Coquille River Lighthouse
During our second week as volunteers we are beginning to understand why some people return to the same location year after year. The campground is very quiet, the view from the top of the lighthouse is ever changing, the people are friendly and town is just big enough to have a few places to eat and get groceries.
We had to attend the monthly Safety Meeting. It was kind of funny to sit through. It was a flashback to so many "mandatory meetings" back when we had real jobs. The rangers were there because they had to mark it off a checklist that they had their monthly meeting. They really didn't have much to discuss but, they were trying to make it sound serious for their audience (us volunteers).
We had some fairly busy days at the Lighthouse in that we have averaged 30 visitors a day. The morning shift on Thursday had a school group of 80 junior high kids came through so, their total for the day was 105 visitors. I am glad we missed that.
We had two couples come through that were from the San Francisco Bay Area. One couple lived less than 10 miles from us and the other couple lived closer to San Francisco. I was SHOCKED that neither couple had ever been to the Oregon Coast before. I still can't get over how everyone wants to talk to us just because we are wearing the volunteer vest.
Sunday is our day as campsite maintenance host. This past Sunday was a day of watering trees. They don't have all three campground loops open yet, not that they need them anyway. They really have too many Hosts for this time of year. They have 4 yurt cleaners, 4 Lighthouse Host and 5 people to clean campsites on Sundays. The yurt and campsite maintenance people tell us that they have trouble finding things to do each day to get in their 4 hours per day. So, we were sent out to water the new trees they had planted in 2 of the campground loops. It took Kathy and I, 3 1/2 hours to water all of the new trees. It seemed strange to need to water trees with rain expected any minute, but the ground is very porous and the water just drains past the roots of the new trees. One thing we found out that the other loops here have more mosquitoes than our loop.
Walking back from tree watering we heard a familiar bird call, one we couldn't place. One of those "I know that call, what is it?" We had heard it in the same spot the day before, this time we got a view of the bird and it was a Wilson's Warbler one of the brightest warblers we get in the west.
Hard to believe that we are already half way through our stay here. We would definitely stay longer if we didn't have another commitment and if they had room for us. We got the official email yesterday from Kartchner Caverns in Arizona that they don't have a spot for us for this coming winter. Most of their hosts return year after year.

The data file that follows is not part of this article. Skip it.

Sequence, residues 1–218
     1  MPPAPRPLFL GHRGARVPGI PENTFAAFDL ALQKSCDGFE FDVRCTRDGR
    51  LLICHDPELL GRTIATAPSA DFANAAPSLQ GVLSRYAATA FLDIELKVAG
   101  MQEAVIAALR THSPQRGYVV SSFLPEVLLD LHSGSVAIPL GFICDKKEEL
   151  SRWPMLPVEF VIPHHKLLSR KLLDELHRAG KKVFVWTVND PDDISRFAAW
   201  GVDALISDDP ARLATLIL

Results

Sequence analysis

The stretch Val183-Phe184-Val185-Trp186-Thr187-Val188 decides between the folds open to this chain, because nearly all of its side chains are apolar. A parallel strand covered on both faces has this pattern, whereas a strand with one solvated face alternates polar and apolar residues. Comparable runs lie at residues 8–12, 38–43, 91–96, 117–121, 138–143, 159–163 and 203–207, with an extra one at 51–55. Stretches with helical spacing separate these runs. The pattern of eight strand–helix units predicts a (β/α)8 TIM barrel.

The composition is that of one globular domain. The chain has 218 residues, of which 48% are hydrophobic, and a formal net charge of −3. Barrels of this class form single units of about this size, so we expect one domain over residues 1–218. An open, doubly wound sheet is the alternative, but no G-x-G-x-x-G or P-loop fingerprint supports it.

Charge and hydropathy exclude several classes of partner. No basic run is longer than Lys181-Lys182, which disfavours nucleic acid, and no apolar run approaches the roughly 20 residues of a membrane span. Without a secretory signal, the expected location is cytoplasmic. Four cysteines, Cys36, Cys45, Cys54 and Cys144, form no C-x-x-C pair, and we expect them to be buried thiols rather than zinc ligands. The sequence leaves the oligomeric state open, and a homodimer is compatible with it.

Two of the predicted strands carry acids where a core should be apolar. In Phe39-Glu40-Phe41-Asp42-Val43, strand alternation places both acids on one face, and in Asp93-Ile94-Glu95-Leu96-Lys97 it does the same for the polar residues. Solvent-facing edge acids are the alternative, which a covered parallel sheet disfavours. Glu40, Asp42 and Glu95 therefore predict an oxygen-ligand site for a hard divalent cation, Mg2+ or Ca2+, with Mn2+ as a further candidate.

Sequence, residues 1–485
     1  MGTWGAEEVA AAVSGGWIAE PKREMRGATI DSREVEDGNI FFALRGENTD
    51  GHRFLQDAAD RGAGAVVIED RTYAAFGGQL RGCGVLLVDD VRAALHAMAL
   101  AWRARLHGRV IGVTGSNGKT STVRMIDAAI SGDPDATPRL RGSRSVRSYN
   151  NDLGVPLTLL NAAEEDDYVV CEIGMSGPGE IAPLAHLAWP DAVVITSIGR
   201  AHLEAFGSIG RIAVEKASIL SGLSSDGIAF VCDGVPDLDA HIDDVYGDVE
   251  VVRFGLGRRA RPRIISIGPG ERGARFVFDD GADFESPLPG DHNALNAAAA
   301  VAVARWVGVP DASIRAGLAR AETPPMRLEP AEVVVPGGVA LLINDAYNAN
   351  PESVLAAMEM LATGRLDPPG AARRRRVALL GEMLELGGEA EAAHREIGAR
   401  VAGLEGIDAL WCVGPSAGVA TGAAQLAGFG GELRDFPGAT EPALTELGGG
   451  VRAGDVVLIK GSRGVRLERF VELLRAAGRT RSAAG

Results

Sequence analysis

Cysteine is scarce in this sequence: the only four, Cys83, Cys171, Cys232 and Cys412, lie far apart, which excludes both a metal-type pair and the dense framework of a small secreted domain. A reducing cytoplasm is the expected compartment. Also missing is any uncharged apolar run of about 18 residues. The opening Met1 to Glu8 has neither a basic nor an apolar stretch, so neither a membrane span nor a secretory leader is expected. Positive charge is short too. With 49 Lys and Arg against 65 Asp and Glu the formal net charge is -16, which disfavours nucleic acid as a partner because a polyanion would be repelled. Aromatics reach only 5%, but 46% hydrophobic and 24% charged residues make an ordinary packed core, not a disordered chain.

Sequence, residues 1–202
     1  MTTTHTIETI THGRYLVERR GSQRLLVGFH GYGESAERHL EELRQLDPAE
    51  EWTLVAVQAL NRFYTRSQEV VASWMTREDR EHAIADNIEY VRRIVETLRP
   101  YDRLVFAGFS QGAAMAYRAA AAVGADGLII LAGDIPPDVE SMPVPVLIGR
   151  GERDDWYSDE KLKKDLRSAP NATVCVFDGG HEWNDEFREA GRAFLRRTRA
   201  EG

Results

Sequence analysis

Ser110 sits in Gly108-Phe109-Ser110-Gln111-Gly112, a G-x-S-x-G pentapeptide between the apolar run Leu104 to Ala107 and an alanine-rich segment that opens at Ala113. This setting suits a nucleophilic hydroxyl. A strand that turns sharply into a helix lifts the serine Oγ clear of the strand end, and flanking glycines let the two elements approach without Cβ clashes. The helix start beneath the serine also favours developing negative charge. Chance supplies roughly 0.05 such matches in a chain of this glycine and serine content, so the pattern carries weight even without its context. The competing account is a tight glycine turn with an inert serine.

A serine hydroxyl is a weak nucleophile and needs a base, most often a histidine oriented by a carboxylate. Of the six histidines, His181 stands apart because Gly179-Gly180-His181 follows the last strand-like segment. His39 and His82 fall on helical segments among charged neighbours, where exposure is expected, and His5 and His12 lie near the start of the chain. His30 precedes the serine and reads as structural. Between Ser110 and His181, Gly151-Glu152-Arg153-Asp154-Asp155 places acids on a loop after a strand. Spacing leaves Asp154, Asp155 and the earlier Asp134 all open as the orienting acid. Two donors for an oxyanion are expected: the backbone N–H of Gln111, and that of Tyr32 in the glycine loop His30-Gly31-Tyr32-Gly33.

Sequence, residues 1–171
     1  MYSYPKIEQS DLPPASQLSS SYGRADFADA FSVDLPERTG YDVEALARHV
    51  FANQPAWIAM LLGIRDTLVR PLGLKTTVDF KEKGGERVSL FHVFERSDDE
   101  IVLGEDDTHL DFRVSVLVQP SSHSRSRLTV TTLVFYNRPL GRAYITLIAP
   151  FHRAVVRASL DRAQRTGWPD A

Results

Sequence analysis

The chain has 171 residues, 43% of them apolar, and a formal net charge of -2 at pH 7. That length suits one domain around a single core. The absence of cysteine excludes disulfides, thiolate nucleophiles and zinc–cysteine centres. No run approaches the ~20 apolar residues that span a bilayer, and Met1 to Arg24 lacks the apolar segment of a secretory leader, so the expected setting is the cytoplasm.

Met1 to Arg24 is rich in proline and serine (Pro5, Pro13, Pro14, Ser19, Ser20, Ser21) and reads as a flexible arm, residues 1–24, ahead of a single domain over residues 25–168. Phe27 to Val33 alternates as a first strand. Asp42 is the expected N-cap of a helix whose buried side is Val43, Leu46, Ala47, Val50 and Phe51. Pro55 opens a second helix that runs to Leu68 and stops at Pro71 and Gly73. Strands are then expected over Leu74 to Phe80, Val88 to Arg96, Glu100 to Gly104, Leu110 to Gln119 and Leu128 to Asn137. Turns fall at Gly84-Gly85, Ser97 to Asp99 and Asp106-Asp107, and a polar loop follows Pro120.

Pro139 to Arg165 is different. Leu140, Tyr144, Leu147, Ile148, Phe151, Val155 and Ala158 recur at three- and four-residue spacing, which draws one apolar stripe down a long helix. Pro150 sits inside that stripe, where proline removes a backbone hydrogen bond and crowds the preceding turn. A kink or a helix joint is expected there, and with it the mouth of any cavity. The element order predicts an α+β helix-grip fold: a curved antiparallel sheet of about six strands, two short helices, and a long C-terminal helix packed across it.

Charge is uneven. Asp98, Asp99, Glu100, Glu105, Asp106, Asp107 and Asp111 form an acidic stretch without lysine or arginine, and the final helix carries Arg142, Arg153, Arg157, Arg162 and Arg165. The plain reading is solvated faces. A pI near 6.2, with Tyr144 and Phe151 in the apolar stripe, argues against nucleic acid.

Last Sunday was Raiders 9th birthday. He is showing his age in many ways.
When we did shift change Tuesday the morning hosts said that it had been a slow day. There was some intermittent very light rain. Our first hour was slow with only 8 visitors. However, it did include 2 Canadians one from the Yukon and the other from the little town of Edson just east of the northeast entrance to Jasper National Park. We had a great chat with them.
Shortly after they left we saw the great terror of all Interpretive Hosts - a school bus pulled into the lower parking lot and saw kids piling out of it. It turned out to be thirty-five 5th graders.That kept us busy for an hour and a half as we can't take more than 3 people at a time up the tower.
We were about 2/3s of the way though with the kids when I looked out of the tower window and saw a Tour Bus pull into the the upper parking lot and starting to unload a group of adults. I am thinking that we will be here long after our 5 PM closing. However, the Tour Bus group was on a tight schedule and couldn't wait until we finished the 5th graders before starting tours for them so they left.
After that we attended the Volunteer's potluck and we met even more volunteers than we had met before. The potluck was fine, but after the busy day I just wanted to be at home with a Gin & Tonic.
Ever wondered what Lighthouse Hosts do on their day off?
They visit other lighthouses. Last week we went to the overlook to see the lighthouse north of us at Cape Arago west of Coos Bay, Oregon.
As you can see Cape Arago Lighthouse sits on an island and is not accessible. Near by is Simpson Reef which has hundreds of seals and sea lions.
California Sea Lions charging to the beach
This week we went to the Cape Blanco Lighthouse south of us. It is the western most point in Oregon. The lighthouse is 50 feet tall, but it sits on a 200 foot cliff. It is a great view but, very windy. It is a great tour and a magnificent view. It is the only lighthouse that lets you into an actually working light room. The light is 7 - 8 feet high and the room is glass floor to ceiling.
Cape Blanco Lighthouse built in 1870
View from the top of Cape Blanco Lighthouse
The light at Cape Blanco Lighthouse
There are still all kinds of birds here and we make sure that a least one of Raider’s daily walks incudes a walk down to the river to watch for eagles, ospreys, shorebirds and water birds. New birds for this week are: Golden-Crowned Kinglet, Wandering Tattler, Pacific Loon, Wilson Warbler and Banded-tailed Pigeon.